The world is heating up dangerously and the oceans may be dying. In this context, the UK's proposed plan to ban plastic straws feels a little like spitting in the wind.
No one knows exactly how many plastic straws the UK uses per year.
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A figure put out by the Department for Environment, Food and Rural Affairs (DEFRA) suggested 8.5 billion -- that's about 130 for every man, woman and child in the country. The World Wildlife Fund claimed it was 42 billion straws, or 640 per person.
Both of these figures are hugely speculative, and both based on estimates (arrived at via different routes) from the research group Eunomia; the true figure may be half the DEFRA claim. Nonetheless, it is likely that the UK uses billions of straws every year, and that the majority of them are not recycled.
That's the backdrop to DEFRA's decision to launch a consultation on banning plastic straws, along with drink stirrers and cotton swabs. The UK's Environment Eecretary, Michael Gove, buoyed by the success of the levy of five pence on plastic shopping bags, said a ban could be in place within a year.
It sounds positive. But it's worth noting that, although "billions of plastic straws a year" sounds like a lot, it is a drop in the already plastic-filled oceans when it comes to plastic waste.
The World Economic Forum estimates that there are about 150 million tons of plastic in the world's seas.
A study published in Science in 2015 suggested that between five and 13 million tons more are flowing into them every year. The UK alone creates about 2.2 million tons of plastic waste a year, although about half of that is recycled. Even if DEFRA's 8.5 billion straw estimate is correct, at around 0.42 grams per straw that adds up to about 3,570 tons. That is about 0.17% of the UK total.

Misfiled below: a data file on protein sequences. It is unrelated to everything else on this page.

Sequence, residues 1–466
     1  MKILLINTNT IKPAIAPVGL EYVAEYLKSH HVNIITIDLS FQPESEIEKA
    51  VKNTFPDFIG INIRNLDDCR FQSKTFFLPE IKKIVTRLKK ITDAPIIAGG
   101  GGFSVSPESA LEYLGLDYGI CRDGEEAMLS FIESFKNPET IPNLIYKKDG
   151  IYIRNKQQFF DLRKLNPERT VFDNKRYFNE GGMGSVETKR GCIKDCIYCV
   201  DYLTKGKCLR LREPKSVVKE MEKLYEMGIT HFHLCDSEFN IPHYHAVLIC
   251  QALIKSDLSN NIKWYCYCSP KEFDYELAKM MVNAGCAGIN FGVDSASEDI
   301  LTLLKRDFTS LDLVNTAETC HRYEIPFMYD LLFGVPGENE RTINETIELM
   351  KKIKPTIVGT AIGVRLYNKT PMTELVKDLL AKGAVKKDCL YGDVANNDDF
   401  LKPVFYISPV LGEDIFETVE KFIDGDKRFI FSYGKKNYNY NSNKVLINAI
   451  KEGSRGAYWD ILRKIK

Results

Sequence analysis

Doing something small is better than doing nothing, of course. And some activists argue that straws are a "gateway plastic," and that banning them can be a step along the road to more stringent bans or levies, perhaps on drinks bottles. (Although there has also been a backlash from some people with disabilities, who say they need straws to be able to drink hands-free.)
Whether it's true or not, though, we're in danger of unearned self-congratulation. It's only two weeks since the release of the Intergovernmental Panel on Climate Change (IPCC)'s special report into the impacts of global warming, saying that drastic action is needed urgently to keep warming below 1.5°C to minimize the damage to human society.
It called for "rapid and far-reaching" changes to our energy production, our farming, our buildings and our transport. It added that we need to cut carbon emissions by almost half of 2010 levels by 2030. These are huge, epoch-defining changes to the way we live.
And that is only one way in which we are affecting the environment. The extent to which we are damaging the oceans' ability to regenerate themselves through overfishing, trawling and pollution is far from clear. But there are concerns that -- just as the collapse of bee colonies happened not just because of any single source of damage but from many different stresses pushing them beyond the point they could manage -- we could find ourselves at a point where the cycles of sea life suddenly break down.
Human-induced stresses have already led to a huge growth in the number of jellyfish, because the number of fish that compete with them and eat them has dropped so precipitously.
None of this is a reason not to ban plastic straws. But it's a reason to ban plastic straws as an afterthought, not to spend a year on a consultation.
Ban them without talking about it, and move onto a consultation about just how high our carbon tax ought to be -- how high is high enough to reduce emissions significantly, but low enough to stop a political revolt?
Ban plastic straws, but start talking about how to protect more of the sea from trawler fishing, or how to put the entire UK economy on a renewable-energy footing in a decade.
It's easy to make the perfect the enemy of the good. Banning plastic straws is probably better than nothing. But it's not very much better than nothing. We need bigger ideas than this, and fast.
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